Industrial automation incorporates programmable logic controllers in the manufacturing process. Programmable logic controllers (PLCs) use a processing system which allows for variation of controls of inputs and outputs using simple programming. PLCs make use of programmable memory, storing instructions and functions like logic, sequencing, timing, counting, etc. Using a logic based language, a PLC can receive a variety of inputs and return a variety of logical outputs, the input devices being sensors and output devices being motors, valves, etc. PLCs are similar to computers, however, while computers are optimized for calculations, PLCs are optimized for control task and use in industrial environments. They are built so that only basic logic-based programming knowledge is needed and to handle vibrations, high temperatures, humidity and noise. The greatest advantage PLCs offer is their flexibility. With the same basic controllers, a PLC can operate a range of different control systems. PLCs make it unnecessary to rewire a system to change the control system. This flexibility leads to a cost-effective system for complex and varied control systems.[88]
Les nombreux éditeurs d’outils de tests fonctionnels ont des approches différentes. On constate que certains offrent un référentiel contenant une collection d’objets-types que le produit est susceptible de rencontrer dans la majorité des cas. D’un autre côté, certains préfèrent initialiser le référentiel uniquement avec les objets reconnus et utilisés par les différents cas de tests.
An early development of sequential control was relay logic, by which electrical relays engage electrical contacts which either start or interrupt power to a device. Relays were first used in telegraph networks before being developed for controlling other devices, such as when starting and stopping industrial-sized electric motors or opening and closing solenoid valves. Using relays for control purposes allowed event-driven control, where actions could be triggered out of sequence, in response to external events. These were more flexible in their response than the rigid single-sequence cam timers. More complicated examples involved maintaining safe sequences for devices such as swing bridge controls, where a lock bolt needed to be disengaged before the bridge could be moved, and the lock bolt could not be released until the safety gates had already been closed.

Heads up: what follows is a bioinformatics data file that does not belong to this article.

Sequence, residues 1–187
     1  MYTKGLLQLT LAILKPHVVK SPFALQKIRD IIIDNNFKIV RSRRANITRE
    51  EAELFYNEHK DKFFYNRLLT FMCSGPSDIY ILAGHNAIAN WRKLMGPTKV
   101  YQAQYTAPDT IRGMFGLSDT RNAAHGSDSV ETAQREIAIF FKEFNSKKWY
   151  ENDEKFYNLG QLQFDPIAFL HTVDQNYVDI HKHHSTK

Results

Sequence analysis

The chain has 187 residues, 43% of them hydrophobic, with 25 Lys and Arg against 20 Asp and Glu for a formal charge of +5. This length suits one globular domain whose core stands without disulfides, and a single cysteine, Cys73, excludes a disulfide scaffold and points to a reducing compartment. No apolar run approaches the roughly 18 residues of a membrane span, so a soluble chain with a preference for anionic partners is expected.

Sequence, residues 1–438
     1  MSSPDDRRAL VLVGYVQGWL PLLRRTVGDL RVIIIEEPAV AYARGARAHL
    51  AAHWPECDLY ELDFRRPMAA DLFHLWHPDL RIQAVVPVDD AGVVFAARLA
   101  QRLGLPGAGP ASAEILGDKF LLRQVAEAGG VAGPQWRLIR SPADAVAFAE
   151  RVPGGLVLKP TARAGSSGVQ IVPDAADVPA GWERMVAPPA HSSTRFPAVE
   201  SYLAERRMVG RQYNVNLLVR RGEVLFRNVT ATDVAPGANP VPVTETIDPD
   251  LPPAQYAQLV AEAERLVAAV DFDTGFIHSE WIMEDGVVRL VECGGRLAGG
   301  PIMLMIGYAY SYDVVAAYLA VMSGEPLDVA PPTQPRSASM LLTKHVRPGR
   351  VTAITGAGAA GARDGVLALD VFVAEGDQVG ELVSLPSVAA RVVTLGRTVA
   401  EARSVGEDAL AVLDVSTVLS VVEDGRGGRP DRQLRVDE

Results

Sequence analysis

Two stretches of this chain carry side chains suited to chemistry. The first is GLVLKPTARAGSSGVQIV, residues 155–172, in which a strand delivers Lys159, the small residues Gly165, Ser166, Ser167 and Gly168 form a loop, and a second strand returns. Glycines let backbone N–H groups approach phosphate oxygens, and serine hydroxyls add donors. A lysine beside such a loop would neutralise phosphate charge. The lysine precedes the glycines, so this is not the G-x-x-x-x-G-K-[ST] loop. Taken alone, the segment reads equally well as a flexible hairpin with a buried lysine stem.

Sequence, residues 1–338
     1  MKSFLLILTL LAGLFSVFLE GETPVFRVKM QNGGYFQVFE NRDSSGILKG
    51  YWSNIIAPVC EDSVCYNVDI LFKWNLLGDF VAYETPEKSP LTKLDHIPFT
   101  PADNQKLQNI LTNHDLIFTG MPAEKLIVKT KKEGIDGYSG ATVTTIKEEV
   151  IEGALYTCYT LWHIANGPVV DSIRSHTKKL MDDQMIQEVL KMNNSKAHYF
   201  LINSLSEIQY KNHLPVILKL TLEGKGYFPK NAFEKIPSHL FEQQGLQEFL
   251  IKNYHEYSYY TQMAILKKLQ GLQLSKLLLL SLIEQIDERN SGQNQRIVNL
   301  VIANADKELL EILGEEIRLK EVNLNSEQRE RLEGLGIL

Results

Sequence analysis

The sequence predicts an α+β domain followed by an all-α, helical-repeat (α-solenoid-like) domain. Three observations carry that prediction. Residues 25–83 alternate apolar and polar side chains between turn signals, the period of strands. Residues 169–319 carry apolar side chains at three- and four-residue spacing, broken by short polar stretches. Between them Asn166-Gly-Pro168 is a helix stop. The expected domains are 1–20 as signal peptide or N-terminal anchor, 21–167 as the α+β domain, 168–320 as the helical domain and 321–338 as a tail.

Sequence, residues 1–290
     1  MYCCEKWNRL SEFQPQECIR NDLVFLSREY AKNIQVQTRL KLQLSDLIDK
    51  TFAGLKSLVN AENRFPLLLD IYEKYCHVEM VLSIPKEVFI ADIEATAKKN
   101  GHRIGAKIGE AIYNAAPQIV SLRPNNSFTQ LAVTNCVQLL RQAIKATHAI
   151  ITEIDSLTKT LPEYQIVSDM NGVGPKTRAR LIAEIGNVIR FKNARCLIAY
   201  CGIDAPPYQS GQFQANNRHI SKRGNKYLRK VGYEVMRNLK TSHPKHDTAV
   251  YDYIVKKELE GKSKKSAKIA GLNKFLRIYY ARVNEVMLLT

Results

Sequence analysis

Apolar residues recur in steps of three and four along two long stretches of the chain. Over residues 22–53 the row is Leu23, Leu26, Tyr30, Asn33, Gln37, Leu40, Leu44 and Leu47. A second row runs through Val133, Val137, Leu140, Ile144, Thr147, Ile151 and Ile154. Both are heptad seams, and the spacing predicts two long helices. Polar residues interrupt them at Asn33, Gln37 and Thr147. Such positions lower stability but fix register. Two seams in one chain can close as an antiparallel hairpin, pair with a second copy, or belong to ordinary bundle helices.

Dès que possible, l'homme créa des machines pour automatiser son travail. Si les premières machines ont été conçues pour réaliser une tâche précise (conversions de monnaie, fabrication de tissus, recensement de population,...), seuls les ordinateurs sont capables d'exécuter des travaux très différents. On peut considérer que les tentatives d' […] Lire la suite☛

Let’s say we want to single out Yellow Pages links. InStr looks for one string inside another, using the format InStr(haystack, needle) and returns the numerical starting point of the first occurence of needle, or 0 if not found. If ‘yp’ or ‘yellowpages’ is found in a link we make the interior of the cell red with the .ColorIndex VBA property, and place a ‘1’ in the cell to the left. FYI, short and simple If...Then statements, like this one: If x = y Then Debug.print "Yo, x is the same as y, bro!", can be written on one line with the closing End If ommitted. If...Then statements are the backbone of any great A.I. … Watson, Wall-E, and now SearchBot()!

I’ve used other automation tools besides VBA. Ubot and iMacros are both excellent, and powerful programs (their own programming languages, really). In some respects they’re easier, and for 99% of web automation tasksg, you really can’t go wrong with either. But I got to where I only used VBA because my programming was getting into Windows API’s and command line calls (Visual Basic is tightly integrated with Windows), plus I often found myself using Excel alongside these programs anyway. I discovered there’s almost nothing VBA can’t do with automating Windows and Internet Explorer (even making IE appear as a different browser), and it seemed to me investing time learning Microsoft’s Visual Basic programming language just made more sense.